The Monti study could not determine how conscious this man is or whether his awareness is normal. Furthermore, there is no simple way to find out how many patients there are like him. Functional MRI is expensive and awkward, and transporting a brain-injured person for scanning is logistically daunting. Even Monti’s star patient has not yet been able to return for further evaluation. And some brain-injured people who are indisputably conscious do not look that way in neuroimaging. Schiff’s group has a subject, formerly vegetative, who can carry on a conversation and crack jokes but still cannot produce an intelligible signal in the fMRI.

Schiff’s group now hopes to clarify this mess by finding a way to gauge the brain’s status directly rather than through the filter of a scan. Schiff, 45, is intense; he speaks quickly in long, dense sentences jammed with subclauses and punctuated with wry laughter. Although he is now a professor of neurology and neuroscience at Weill Cornell and gets invitations to talk about his work all over the world, he is down-to-earth, as are the rest of his small team. The patients and their heartbreaking, humbling brains keep them that way.

Some subjects have unbelievable Rip Van Winkle stories. An Arkansas man named Terry Wallis spent 19 years in a minimally conscious state after a car accident and then abruptly woke up in 2003. “Mom,” he said, then “Pepsi,” and within days he was speaking fluently. Later, when Schiff and neuroimaging specialist Henning Voss brought Wallis to Weill Cornell, they caught his brain in the act of rewiring itself. Using diffusion tensor imaging (DTI), which can depict axonal fibers, they found a thick cable of what looked like new axons sprouting at the back of the patient’s brain. This study was “incredibly important,” Owen says; nobody would have believed that a brain could reconnect itself decades after it was injured—until it actually did.

There is also the case of George Melendez, a Texas man who, after nearly drowning, fell into a minimally conscious state and remained there for two years. He did not speak, but because he often groaned loudly at night, his mother got him a prescription for the sleeping aid Ambien. Hours after she gave him the first pill, he seemed more alert than usual. “George?” she said, and he turned to her and asked, “What?” Now, nine years later, as long as he keeps taking the drug, he can feed himself and answer questions, even demonstrate baseball grips (he used to be a minor-league pitcher). Without it his hand shakes, he cannot eat, and he has trouble speaking. The sedative paradoxically keeps his brain awake: PET scans show that on Ambien, his brain uses twice as much fuel.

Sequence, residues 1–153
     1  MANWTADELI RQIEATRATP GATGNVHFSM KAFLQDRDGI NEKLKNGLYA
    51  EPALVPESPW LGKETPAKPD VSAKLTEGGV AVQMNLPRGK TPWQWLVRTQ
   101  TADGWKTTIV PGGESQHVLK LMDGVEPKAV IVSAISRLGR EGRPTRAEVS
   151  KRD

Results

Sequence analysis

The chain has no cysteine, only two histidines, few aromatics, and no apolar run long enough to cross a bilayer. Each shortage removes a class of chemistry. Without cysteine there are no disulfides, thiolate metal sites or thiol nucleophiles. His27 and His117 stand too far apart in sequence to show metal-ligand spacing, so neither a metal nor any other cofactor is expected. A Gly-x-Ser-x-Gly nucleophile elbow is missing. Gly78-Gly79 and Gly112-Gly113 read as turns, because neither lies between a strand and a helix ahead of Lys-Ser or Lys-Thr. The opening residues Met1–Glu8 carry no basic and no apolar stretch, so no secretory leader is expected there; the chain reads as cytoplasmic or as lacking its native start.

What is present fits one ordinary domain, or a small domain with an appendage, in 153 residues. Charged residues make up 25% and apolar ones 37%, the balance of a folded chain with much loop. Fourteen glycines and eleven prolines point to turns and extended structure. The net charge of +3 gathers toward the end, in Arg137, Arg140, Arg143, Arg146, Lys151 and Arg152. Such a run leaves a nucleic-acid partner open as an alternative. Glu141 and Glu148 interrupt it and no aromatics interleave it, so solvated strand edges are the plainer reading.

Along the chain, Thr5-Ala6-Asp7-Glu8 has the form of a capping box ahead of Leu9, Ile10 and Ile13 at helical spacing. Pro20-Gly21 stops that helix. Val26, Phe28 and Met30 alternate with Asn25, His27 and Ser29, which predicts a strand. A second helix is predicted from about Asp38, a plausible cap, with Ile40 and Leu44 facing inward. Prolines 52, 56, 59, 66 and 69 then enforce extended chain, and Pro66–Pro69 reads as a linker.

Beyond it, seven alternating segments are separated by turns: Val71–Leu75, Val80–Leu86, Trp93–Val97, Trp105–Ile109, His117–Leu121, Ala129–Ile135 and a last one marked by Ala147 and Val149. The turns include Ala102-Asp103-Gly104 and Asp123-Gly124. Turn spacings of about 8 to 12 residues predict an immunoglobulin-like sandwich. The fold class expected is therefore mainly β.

Schiff brings subjects one at a time to New York–Presbyterian Hospital to be scanned, measured, and probed for several days. PET/CT scans reveal how much energy their brains are using, and MRI shows which parts are damaged. While the team peppers a subject with questions, audiotapes, pictures, and other sensory prods, an fMRI machine tracks brain activity to look for evidence of awareness and the possibility of establishing communication. At other times, dozens of tiny electrodes are glued to the patient’s scalp to pick up electrical signals through electroencephalography (EEG). Schiff repeats the clinical exam over and over, looking for fluctuations in awareness.

The scientists have now profiled more than 30 subjects, with some coming back as many as four times over the years. From these studies Schiff is developing a circuit diagram of the recovery of consciousness, a schematic that offers tentative explanations for some of the surprises he has seen. In this blueprint there is no single consciousness center of the brain. Instead, consciousness appears as a type of collective agreement among different brain regions, a dynamic state made possible by an active coalition of parts. “If somebody asked me 10 years ago, ‘So, what’s the circuit for consciousness?’ I wouldn’t have had a clue,” Giacino says. “We can start to maybe answer that question now.”